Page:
4) Now that you’ve got your map(s) and your mind(s) right, let the real fun begin. Look at all public land allocations within a two-hour radius.
In summer, I’ve come to prefer National Forests because they are shady and have ample water sources. In winter, I prefer Bureau of Land Management lands (BLM) – typically open grasslands or high deserts – which tend to be abundant in sun and my favorite fire woods, pinyon and juniper.
[Note: For those of you in the east or midwest where there is very little public land, your hunt is a lot harder. This article is about my Western process. My Eastern process is simpler: I find private land I can camp without getting hassled, or I park in towns and cities (which I’ll get into later). The same issue goes for Southern California and warm beach areas, which have become so overpopulated that finding free camping is nearly impossible, but it still can be done.]
5) With your map of public lands, decide what mood you’re in. Is it hot? Should you get high on a mountain, or to the coast or to a lake? Is it cold? Should you get to a hot spring or the desert?
The more you pursue your intuition, the better you’ll get at finding the best spots. This sounds very fuzzy because it is, but when your brain is drawn to something on a map, there’s a reason. And the more you follow these reasons, the luckier you’ll get.
6) Learn tolove the dirt! Dirt roads keep the tourists away and rarely lead to anything but treasures. When I started getting dirty every night, my luck increased exponentially.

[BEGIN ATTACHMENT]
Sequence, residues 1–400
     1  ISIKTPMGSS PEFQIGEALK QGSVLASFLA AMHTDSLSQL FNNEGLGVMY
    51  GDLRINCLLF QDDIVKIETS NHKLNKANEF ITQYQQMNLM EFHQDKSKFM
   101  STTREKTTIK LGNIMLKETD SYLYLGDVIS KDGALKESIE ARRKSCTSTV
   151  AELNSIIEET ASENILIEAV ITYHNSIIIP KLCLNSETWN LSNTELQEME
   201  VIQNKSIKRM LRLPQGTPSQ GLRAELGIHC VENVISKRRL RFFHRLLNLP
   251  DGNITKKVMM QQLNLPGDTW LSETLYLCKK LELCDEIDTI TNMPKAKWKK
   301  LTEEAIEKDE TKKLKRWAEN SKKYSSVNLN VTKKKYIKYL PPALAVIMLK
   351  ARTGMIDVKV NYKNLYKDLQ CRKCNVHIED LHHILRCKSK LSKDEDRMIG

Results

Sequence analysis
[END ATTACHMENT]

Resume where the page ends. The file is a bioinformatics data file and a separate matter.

[Note: While we’re on the topic of dirty, it’s unfortunate, but much of our public land has been trashed by thoughtless folks. Many times, I will come across a perfect camp with a nicely built fire ring, only to find dirty diapers stashed in the woods, shotgun shells littered throughout, and eight Keystone Ice cans in the fire.
Don’t get discouraged. If it’s a good camp, stay. Use it as an opportunity to clean up the land and leave your own trace (none). Bag the trash and disperse the negative energy others have left behind; make it your own home with your own energy. I try to leave each campsite improved… cleaned up and (if energy permits) with firewood for the next free-seeker.]
7) Let’s say you’ve driven for an hour and are stumped. Here are landmarks that are sure winners:
a) Bridges – before and after bridges there is usually a (well-hidden) dirt road that leads down to the water source and camping near it.
b) Radio towers – all radio towers have roads to them. Some of these roads have gates, but many are left unlocked. If you can stand the thought of the incoming/outgoing waves, the views are unparalleled.
c) Telephone lines – same story as radio towers, most have access roads to them that are never used.
d) Around paid campsites – often the best place to look, especially in National Forests. People with the same free-camping philosophy have most likely carved out a camp nearby.
e) Railroad tracks – paralleling all railroad tracks are dirt roads and pullouts. Just don’t park too close to the tracks or the train engineers will whistle at you all night long.
f) Trailheads – any place that allows overnight hiker parking is (free)game for camping!
8) You’re still stumped and out of energy? Don’t be afraid to break the rules, just be thoughtful in your execution. Don’t add unnecessary harm to the land or others. Be able to justify your camp to a reasonable person if asked. My #1 rule in breaking the rules: don’t bother anyone and you won’t get caught.
I really try not to urban camp because you have to be sneaky about it, which takes away the feeling of freedom. But I have to say, I do get a kick out of it – there’s something mischievous about sleeping in front of someone’s house who has no idea you’re there.
[Note: Urban camping is way harder (or impossible) if you have a dog (one of the reasons I don’t) or if you’re traveling with 3 or more people or a small child.]